We’d heard so much about the wine regions of Italy, and this seemed like the perfect chance to drive the Chianti Road in Tuscany as we were leaving Florence and Lucca for parts further east and north.
When we picked up our rental car at the start of the trip, the cigarette lighter wasn’t working, and our GPS (“sat-nav”, “navi”, etc.) would have been useless in that car. I’m really glad we made the rental agency give us another car with a working power port — this part of the trip would have been v e r y s l o w, pausing at every intersection to try to decide how to proceed. Indeed, the pace of this part of the trip was quite a bit slower anyways, owing to the terrain and pulling over frequently to take in the sights at the crest of a hill or in the middle of an olive tree grove.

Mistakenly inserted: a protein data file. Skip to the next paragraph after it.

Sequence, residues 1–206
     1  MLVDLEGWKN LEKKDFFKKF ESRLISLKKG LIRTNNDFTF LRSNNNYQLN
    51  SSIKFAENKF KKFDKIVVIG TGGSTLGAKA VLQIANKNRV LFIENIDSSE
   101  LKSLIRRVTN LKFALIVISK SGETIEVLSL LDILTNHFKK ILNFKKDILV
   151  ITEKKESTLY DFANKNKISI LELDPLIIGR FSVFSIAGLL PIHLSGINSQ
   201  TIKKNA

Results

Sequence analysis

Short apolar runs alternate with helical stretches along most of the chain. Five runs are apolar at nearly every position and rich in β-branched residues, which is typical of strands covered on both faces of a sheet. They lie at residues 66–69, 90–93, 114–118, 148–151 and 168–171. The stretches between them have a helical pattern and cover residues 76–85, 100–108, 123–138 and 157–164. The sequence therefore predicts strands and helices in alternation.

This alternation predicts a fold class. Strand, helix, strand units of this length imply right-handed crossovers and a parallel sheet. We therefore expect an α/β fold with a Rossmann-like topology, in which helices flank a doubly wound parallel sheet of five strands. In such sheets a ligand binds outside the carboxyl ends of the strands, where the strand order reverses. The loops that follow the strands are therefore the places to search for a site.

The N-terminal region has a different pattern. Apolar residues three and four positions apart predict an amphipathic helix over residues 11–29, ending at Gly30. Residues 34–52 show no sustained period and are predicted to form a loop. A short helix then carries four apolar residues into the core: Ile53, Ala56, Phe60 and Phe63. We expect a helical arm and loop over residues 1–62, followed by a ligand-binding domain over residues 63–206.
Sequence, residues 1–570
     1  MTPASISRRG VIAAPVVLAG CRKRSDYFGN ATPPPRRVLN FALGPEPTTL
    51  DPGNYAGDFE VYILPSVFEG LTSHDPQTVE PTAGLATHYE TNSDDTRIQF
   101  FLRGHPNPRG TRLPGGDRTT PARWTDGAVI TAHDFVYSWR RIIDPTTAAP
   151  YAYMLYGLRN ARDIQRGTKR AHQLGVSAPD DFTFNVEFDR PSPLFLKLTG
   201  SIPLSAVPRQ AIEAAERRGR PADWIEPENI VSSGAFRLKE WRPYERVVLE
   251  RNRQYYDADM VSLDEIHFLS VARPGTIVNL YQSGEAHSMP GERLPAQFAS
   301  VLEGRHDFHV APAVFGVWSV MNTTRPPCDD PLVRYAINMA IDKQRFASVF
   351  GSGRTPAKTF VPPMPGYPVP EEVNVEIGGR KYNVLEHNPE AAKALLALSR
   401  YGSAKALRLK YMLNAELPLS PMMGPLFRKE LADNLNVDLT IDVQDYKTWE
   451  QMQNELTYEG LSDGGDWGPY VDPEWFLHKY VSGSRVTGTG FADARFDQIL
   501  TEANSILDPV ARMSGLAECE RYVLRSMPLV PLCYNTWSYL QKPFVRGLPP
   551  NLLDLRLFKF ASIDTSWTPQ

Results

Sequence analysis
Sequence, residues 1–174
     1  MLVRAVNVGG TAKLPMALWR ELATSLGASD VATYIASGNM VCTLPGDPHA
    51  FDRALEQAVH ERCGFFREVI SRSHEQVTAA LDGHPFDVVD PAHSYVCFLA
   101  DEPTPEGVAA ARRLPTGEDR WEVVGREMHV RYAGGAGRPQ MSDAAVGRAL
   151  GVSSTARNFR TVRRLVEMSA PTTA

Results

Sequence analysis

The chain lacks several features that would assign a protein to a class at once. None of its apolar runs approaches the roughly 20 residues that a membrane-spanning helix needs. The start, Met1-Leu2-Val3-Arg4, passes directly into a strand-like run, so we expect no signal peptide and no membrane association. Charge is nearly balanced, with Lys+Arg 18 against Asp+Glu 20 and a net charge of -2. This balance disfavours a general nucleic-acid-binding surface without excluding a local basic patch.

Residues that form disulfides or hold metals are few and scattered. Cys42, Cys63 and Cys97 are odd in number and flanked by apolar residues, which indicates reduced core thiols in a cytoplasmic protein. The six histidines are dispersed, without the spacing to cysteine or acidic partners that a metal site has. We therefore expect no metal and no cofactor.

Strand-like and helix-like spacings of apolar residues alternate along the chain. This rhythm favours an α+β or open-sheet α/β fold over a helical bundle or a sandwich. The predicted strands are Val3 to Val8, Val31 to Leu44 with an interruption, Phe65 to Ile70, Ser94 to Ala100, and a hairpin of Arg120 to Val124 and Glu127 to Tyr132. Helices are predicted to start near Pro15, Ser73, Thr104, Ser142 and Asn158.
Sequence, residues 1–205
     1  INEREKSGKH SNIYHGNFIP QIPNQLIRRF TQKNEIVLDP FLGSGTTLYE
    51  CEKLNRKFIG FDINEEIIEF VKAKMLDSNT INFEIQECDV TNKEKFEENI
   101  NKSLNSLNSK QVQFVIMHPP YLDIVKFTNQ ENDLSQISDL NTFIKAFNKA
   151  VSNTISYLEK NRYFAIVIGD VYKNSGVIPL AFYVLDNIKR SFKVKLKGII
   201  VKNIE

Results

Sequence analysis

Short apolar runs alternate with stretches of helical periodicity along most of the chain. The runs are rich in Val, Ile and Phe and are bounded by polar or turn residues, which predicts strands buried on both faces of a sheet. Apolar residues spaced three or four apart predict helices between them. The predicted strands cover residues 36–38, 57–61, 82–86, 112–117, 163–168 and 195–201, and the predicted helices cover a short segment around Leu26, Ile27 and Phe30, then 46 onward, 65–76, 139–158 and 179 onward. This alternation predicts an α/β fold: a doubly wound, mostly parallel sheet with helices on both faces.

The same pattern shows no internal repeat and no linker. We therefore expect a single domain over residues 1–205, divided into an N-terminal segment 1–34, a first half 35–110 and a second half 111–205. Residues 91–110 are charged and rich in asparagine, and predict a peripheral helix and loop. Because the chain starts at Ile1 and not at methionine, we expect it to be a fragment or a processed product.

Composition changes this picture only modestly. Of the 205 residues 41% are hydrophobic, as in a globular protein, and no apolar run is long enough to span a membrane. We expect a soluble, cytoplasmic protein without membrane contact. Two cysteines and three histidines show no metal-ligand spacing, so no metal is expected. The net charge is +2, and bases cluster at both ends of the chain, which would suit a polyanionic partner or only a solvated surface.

- Some things to note for next time:
- In the off-season, not a lot was going on in the towns. Most cafés, restaurants, and stores were closed in the middle of the day, or maybe for the whole day. But the roads were wide-open — it mostly just us and the racing bikers, which made it easy to park. It’ll be drastically different in the high tourist season.
- You’ll burn through a lot of gas up and down those roads twisting between the hills; probably best to start with a full tank of gas.